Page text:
When Alexander Pushkin wrote The Tales of Belkin, verse still made up the bulk of serious Russian literature, and this marked Pushkin’s first prose fiction publication. According to translator Hugh Aplin’s introduction to the Hesperus Press edition of the Tales, Pushkin didn’t think much of many of his prose predecessors, and he put his criticism—in favor of “[p]recision and brevity”—into action here. “What seemed to the vast majority of Pushkin’s critical contemporaries to be mere bagatelles, presaging the waning of the great poet’s powers, were arguably a crucial turning-point in Russian letters, when a verse-dominated literary world was shown ways it could develop the prose fiction that was to make it so influential over the subsequent century and more,” he explains.
Superficially, it’s easy to see the Tales as bagatelles, and they are certainly charming. They consist of six stories ostensibly written by the late I.P. Belkin, who heard them from various individuals he met. His collection, where names have been changed to protect the innocent, but places have not, “solely through a lack of imagination,” has been published posthumously along with a description of the author by an anonymous former neighbor. That’s at least three layers of remove for each story: the fictional publisher, the fictional author, and the fictional author’s acquaintance. And of course many of those acquaintances had the stories told to them as well.
Pushkin uses as many interpositions of fiction as possible to make these seem like true stories, and each interposition leaves its own residue. Each story has its own voice as it has its own original “teller,” but Belkin is always there as well. In “Mistress Peasant,” the story of a Russian Romeo and Juliet, it is only he who can be addressing “[t]hose of my readers who have never lived in the country.” What about earlier, describing our Juliet’s father, who “was, withal, considered a man not stupid, for he was the first landowner of his province to have the sense to mortgage his estate with the Board of Trustees, a move which at the time seemed extremely complex and bold”? The irony could be Belkin’s, but seems more likely Pushkin’s own. On the other hand, what of the totally false suspense in “The Blizzard,” which deliberately withholds information known to all three narrators? Here, is it Belkin, presenting the story in its most exciting light, or was that how it was related to him by some other talented storyteller?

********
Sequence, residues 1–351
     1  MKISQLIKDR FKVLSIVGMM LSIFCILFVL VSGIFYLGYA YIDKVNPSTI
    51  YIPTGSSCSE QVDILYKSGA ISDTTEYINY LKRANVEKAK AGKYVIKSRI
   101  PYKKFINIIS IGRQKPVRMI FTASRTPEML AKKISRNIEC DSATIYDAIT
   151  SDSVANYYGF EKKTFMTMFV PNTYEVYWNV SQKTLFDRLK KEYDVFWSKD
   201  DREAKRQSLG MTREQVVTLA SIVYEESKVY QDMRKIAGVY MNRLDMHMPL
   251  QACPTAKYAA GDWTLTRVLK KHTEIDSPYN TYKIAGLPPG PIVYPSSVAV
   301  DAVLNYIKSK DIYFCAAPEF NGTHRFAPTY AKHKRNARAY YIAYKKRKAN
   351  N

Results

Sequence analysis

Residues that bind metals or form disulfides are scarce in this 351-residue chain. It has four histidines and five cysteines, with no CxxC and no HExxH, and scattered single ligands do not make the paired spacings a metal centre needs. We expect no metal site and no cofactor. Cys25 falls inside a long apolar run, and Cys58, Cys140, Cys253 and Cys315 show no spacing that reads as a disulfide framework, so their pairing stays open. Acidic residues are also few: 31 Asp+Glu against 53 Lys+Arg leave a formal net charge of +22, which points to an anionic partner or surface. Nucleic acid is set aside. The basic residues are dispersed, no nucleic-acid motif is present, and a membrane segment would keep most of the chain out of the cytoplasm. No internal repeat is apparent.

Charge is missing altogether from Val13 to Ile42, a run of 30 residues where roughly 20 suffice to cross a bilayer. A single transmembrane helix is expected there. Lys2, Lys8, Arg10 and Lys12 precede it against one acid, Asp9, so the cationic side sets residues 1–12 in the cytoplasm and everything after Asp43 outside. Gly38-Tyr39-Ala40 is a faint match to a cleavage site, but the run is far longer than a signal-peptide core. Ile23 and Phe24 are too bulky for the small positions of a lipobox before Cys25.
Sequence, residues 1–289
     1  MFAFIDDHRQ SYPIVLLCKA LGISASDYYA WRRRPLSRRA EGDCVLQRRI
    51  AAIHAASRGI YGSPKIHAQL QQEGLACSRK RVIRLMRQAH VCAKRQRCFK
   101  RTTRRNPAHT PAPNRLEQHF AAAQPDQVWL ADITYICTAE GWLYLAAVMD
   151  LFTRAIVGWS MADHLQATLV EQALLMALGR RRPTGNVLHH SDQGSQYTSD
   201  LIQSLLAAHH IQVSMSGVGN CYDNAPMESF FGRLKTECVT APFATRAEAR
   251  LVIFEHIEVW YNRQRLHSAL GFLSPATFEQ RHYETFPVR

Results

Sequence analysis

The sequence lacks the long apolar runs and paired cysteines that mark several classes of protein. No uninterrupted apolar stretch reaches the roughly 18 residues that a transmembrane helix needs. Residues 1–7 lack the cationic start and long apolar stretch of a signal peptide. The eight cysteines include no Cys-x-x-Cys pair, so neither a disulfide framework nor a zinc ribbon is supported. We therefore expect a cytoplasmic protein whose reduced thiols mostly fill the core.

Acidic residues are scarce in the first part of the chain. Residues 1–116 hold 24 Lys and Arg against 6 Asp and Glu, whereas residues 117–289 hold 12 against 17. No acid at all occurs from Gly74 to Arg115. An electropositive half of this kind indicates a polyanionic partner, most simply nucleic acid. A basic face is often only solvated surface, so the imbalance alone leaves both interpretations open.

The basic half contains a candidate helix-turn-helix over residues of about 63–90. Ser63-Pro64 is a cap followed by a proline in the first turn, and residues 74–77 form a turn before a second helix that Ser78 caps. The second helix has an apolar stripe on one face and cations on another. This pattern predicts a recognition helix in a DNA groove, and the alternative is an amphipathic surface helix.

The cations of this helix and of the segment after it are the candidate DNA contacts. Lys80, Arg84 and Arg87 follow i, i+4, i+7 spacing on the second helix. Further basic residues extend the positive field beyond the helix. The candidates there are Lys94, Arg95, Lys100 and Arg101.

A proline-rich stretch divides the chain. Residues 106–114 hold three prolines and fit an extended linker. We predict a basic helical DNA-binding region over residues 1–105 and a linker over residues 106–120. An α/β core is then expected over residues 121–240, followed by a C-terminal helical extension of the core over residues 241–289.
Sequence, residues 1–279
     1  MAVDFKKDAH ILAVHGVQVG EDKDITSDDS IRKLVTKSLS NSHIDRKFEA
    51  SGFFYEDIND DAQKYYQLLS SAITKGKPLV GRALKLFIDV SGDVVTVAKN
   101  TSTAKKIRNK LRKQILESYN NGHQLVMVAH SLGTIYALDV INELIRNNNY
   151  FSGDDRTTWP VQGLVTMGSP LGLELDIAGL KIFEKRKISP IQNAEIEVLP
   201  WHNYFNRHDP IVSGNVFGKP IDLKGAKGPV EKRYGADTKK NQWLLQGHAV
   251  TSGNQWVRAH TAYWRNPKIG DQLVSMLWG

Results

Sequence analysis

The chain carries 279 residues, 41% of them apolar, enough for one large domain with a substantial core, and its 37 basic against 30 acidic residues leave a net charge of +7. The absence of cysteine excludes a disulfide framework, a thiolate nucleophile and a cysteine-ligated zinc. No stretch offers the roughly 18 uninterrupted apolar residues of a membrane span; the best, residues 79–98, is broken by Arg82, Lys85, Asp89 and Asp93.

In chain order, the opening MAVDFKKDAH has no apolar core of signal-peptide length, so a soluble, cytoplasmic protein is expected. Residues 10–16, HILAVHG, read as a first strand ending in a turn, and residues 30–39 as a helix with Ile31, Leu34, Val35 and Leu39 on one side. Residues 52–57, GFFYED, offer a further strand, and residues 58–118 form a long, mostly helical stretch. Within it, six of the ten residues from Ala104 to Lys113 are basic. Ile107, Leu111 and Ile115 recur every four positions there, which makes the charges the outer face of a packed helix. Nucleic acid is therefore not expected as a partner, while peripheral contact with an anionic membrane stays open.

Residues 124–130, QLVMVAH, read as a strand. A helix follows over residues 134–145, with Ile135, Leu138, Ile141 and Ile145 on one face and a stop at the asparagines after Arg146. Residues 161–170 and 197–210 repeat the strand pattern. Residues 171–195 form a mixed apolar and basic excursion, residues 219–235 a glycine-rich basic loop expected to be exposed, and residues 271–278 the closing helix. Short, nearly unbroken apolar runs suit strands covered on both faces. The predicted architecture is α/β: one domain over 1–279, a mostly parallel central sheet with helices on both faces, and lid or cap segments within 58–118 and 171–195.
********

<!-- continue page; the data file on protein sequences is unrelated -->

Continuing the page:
Ultimately, Pushkin is behind it all and is well in control. He gives us more of Belkin in “The History of the Village of Goryukhino,” published later. That a man whose only reading material is an old letter-writer should be credited with these half-dozen delicious stories!
The FTC, deeming a subjective evaluation of a work of art an endorsement, compels me to disclose that Hesperus Press gave me a copy of their new edition of The Tales of Belkin.